Then there was also the time a nurse had contracted swine flu, and accidentally gave it to me -  a blood cancer patient with no immune system. I was immediately rushed into intensive care, where tests were undertaken, and again the room fell hazy, but this period lasted a couple of days. My haemoglobin, which was supposed to be at 12 – 15.5, was at 0.2, and my mum was informed I was nearly brain dead. I don’t remember much of this time-frame but shock, Josef, performed a miracle and regained my haemoglobin levels.

A Reality Check

Gosh, my fingers have begun quivering as I type all of this out. These very fingers, which were once paralysed from that dreaded daunorubicin, are now allowing me to reflect. My life today couldn't be further apart from that period.  I’m now a twenty-two-year-old graduate (with a First Class Honours, may I bloody add!), and am career focused. I pay tax and have bills. I've been travelling around Thailand to "find myself." I'm even able to go to the cinema, without having a fit, well unless it's to see 'It' but that's a whole new blog post in itself. My bucket list has extended to 'buy a cordless Dyson hoover.' Can you really get more settled than that?

But every year, a bit of a reality check hits me as I head for my yearly check-up with my consultant.  This consists of a general body MOT – being weighed, having my blood pressure taken and speaking of any concerns, if any. Then there’s the cheeky schmoozing about what I’ve been up to in the past year before Josef tells me his shenanigans: saving children’s lives and running marathons. The bog standard. But this year, he won the biggest top trump of them all. He told me that he had been approached to work as the Head Consultant of all of the children and teenager oncology ward, in the Netherlands. As if in, the ENTIRE country. And that’s when the real Mr. Worldwide said, “and because I am leaving in January, Bekki, I want to personally discharge you from the ward today.”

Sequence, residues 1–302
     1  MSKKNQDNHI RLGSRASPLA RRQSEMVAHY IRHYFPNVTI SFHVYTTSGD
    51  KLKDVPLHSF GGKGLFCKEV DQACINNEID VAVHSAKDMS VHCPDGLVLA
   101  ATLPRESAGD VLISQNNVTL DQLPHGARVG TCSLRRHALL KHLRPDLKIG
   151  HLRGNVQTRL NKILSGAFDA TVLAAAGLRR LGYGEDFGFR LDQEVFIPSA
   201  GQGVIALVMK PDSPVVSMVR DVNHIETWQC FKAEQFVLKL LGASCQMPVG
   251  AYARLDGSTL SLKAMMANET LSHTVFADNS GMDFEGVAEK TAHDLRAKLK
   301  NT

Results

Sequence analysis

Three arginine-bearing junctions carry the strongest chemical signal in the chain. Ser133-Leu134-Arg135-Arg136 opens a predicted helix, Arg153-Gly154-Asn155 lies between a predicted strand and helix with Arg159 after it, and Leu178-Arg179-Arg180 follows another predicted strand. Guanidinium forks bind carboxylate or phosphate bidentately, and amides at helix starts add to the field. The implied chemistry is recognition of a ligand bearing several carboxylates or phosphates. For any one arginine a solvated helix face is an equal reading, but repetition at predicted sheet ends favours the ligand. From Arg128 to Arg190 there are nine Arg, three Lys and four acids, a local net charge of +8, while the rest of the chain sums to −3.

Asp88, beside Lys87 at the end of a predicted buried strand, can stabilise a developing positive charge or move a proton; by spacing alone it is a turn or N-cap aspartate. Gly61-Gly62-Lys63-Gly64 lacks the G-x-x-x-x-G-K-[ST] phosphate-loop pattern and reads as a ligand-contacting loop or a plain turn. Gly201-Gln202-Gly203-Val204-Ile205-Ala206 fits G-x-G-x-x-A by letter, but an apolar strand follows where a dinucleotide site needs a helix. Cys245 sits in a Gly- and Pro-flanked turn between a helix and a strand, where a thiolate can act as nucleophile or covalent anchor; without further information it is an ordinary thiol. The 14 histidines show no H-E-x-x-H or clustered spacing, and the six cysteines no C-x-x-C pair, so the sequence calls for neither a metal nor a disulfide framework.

And just like that, time stopped again. But this time the only fit came in the form of my eyes as I started sobbing. I mean, what do I say to that? Just half an hour prior, I had been sat in a manager’s meeting at work, discussing retail strategies, and now, here I am, unexpectedly closing the biggest chapter of my life. A chapter I had rather shamefully become so out of touch with.

And Josef – what do I say to the man who saved my life, not once, but countless times? This very man, who made a series of decisions, which in turn, has allowed me to live the life I have today. Albeit one that gets excited over Dyson hoovers.

The rest of the check-up was a blur. I remember saying (sobbing) my gratitude’s before thanking him for everything, and joking about him, the established, Josef, endorsing me on LinkedIn. Now because of this guy, I get to listen to Pitbull’s ‘Time of Our Lives’ in a non-ironic way. Could it be anymore fitting?

big chapterBekki RamsayComment